As of July 30, 1952, the Borough was the owner of 24 tax sale certificates, which included certificates numbered 1432 covering Block 118A, and 1436 covering Block 126A, in front of which lie the premises, owned by Smith and Monterey, described in the schedules attached to the condemnation complaint. In 1952, the Borough filed an action in the Chancery Division, bearing docket # F1952-51, to foreclose the right of redemption in these tax sale certificates against Wildwood Gables Corporation, the Pennsylvania Company for Banking and Trusts, the Township of Lower and the State, in which default was entered against the defendants. The court fixed September 2, 1952 as the time and place for redemption of the lands in question. At that time and place, McLoughlin, as assignee of a mortgage upon the lands covered by 21 of the tax sale certificates, appeared and paid a sum of money to redeem the 21 tax sale certificates pursuant to N.J.S.A. 54:5-54, including # 1432 and 1436 covering Blocks 118A and 126A which were then assigned to McLoughlin. On the application of McLoughlin, he was substituted as plaintiff in the action to foreclose the right of redemption in these tax sale certificates assigned to him by the Borough.

Thereafter, on October 20, 1952, the right of redemption of the named defendants was foreclosed and title in fee simple in the premises in question was vested in McLoughlin. This included Block 118A and Block 126A. A certified copy of the

[210 NJSuper Page 133]

judgment of foreclosure was recorded on October 23, 1952 in Deed Book 786 at page 116.

Contrary to the finding by the trial judge, the mortgage held by McLoughlin, which included Tract 5, was not foreclosed by the proceedings resulting in the judgment of October 20, 1952. That judgment was solely a foreclosure of the owner's right of redemption in premises covered by tax sale certificates pursuant to N.J.S.A. 54:5-85 et seq. Included within that section is N.J.S.A. 54:5-104 which provides as follows:

When in a judgment in an action to foreclose the right of redemption, the lands are described in a manner other than that contained in the certificate of tax sale, the judgment shall bar the defendant's right of redemption in and to all the lands described in the judgment, and that property only.

The judgment in this case described the property both by block number, including Blocks # 126A and # 118A, as well as by metes and bounds, the first and second course of which extend to and along the high water line and include the beach properties being condemned by the Borough. The judgment in that cause bars redemption only in the lands described in the complaint. See Newark v. Lodato, 139 N.J. Eq. 471, 472 (Chan.1947). Proceedings to foreclose a tax sale certificate are not followed by a public sale, nor by a deed from a sheriff or other public official as in a mortgage foreclosure. The final judgment bars rights of redemption, but does not otherwise enlarge the right, title and interest of the certificate holder. His certificate does not become merged into the judgment; it subsists as the indicia of title. Merger, in any event, is a matter of intention and not favored in equity. See Kurzius v. The Hillside Land Co., 112 N.J. Eq. 466, 468 (Ch.1933); see also 13 N.J.Prac. (Liebman Abstracts and Titles) (3rd Ed.1966), § 944, p. 568; see also Bron v. Weintraub, 42 N.J. 87, 91-92 (1964).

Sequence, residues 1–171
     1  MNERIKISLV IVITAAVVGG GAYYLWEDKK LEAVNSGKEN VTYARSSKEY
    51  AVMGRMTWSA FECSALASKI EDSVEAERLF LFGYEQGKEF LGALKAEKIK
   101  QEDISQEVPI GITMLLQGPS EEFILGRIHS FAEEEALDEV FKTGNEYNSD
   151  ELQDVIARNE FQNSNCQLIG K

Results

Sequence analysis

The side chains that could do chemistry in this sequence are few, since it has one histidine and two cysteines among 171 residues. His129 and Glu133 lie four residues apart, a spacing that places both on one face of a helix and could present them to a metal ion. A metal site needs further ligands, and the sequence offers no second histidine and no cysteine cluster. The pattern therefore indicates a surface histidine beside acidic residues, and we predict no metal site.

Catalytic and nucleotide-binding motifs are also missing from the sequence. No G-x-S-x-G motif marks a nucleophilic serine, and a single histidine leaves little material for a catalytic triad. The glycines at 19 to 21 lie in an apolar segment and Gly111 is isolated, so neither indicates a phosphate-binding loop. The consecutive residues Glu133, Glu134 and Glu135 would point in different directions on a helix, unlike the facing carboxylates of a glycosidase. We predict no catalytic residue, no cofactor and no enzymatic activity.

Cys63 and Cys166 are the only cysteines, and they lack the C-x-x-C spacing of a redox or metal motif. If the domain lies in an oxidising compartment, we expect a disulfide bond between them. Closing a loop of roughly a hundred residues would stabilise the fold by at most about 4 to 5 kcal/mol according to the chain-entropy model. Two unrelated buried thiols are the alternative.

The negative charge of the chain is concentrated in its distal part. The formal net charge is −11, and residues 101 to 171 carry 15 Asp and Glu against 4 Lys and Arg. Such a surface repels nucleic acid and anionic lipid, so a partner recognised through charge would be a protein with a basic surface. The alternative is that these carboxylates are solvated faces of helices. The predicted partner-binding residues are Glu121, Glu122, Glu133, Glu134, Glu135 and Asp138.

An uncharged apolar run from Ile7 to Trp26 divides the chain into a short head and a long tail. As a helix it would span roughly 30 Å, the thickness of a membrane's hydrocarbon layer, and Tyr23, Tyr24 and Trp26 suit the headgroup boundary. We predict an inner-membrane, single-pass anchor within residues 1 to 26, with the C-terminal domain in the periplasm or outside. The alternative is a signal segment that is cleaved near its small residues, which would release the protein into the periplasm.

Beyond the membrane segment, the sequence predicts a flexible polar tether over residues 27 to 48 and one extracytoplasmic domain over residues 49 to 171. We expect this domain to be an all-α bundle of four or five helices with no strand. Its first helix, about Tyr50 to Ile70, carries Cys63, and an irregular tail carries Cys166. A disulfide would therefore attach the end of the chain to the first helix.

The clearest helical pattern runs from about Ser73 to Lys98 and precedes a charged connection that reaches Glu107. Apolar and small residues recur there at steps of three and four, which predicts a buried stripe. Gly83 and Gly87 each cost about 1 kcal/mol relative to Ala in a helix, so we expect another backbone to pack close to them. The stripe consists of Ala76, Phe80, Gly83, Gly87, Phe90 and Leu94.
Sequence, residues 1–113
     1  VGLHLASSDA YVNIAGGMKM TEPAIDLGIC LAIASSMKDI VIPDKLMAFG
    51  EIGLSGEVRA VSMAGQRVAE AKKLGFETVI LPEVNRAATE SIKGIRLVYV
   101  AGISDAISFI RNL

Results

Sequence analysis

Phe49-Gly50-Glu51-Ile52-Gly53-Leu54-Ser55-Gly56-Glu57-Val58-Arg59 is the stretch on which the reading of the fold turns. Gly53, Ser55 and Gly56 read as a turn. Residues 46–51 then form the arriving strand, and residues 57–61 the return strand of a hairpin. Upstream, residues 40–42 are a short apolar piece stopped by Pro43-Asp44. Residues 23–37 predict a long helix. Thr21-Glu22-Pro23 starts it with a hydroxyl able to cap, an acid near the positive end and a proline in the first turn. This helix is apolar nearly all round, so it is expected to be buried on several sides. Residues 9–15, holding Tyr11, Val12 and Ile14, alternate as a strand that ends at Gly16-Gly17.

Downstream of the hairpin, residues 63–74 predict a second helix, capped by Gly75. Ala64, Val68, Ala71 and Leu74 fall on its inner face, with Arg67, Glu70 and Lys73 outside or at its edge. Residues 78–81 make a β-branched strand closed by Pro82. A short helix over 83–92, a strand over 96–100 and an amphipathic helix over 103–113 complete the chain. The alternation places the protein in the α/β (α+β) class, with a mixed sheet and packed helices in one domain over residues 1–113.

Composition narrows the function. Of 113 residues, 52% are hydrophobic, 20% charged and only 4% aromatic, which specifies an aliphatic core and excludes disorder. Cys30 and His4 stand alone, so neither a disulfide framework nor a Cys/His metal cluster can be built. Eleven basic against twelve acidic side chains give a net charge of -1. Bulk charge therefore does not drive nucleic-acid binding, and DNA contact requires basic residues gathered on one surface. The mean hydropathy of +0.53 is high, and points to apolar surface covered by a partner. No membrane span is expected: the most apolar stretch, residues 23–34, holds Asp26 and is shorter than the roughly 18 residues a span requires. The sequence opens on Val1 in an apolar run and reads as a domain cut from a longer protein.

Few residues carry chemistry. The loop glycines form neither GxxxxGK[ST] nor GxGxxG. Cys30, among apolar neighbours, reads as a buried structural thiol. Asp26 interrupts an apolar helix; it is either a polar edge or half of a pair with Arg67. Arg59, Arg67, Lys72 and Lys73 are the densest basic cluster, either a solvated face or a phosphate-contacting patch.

Tract 5 was not included in either of the blocks identified in the tax sale certificates nor in the metes and bounds description in the judgment. Title to Tract 5 remained in Wildwood Crest Realty Company or Wildwood Strand Realty Company/Wildwood Gables Corporation, to whom it had been conveyed by a

[210 NJSuper Page 134]

riparian grant from the State,*fn2 subject to the mortgage held by McLoughlin, as mortgagee by assignment from Pennsylvania Company for Banking and Trusts. Thus, while it is true that the mortgage apparently encumbered Tract 5, the mortgage was not foreclosed as part of the foreclosure of the right of redemption in the tax sale certificates, as held by the trial judge. We therefore disagree with the statement by the trial judge in his written opinion:

The mortgagee in 1952 obviously intended to foreclose all of the mortgagor's rights in said property including the mortgagor's riparian rights.

The mortgage was not foreclosed by McLoughlin, until the judgment of the Chancery Division dated January 14, 1958, bearing docket # F2903-56, which resulted in the sheriff's deed from Norman S. Taylor, Sheriff of the County of Cape May, to McLoughlin, dated April 8, 1958, and recorded in Book 968 of Deeds at page 166, which, as noted, included Tract 5.

In the meantime, McLoughlin had conveyed to Bayview Corporation (Bayview) premises including Blocks 118A and 126A, by warranty deed dated May 1, 1954, and recorded in Book 825 of Deeds at page 207. This deed contains a recital that these were the premises acquired by McLoughlin through the tax sale foreclosure judgment recorded in Deed Book 786 at page 116 &c. By warranty deed dated May 1, 1954 and recorded in Book 825 of Deeds at page 199, Bayview conveyed Block 126A, also described by metes and bounds, to E. H. Zimmer, which deed contains a recital:

TOGETHER with the Riparian Rights of the party of the first part but under and subject to an easement to be given by the party of the first part to the Borough of Wildwood Crest for the area from the mean high water line to 150 feet westerly thereof, the purpose of said easement being to reserve said area as a public bathing beach.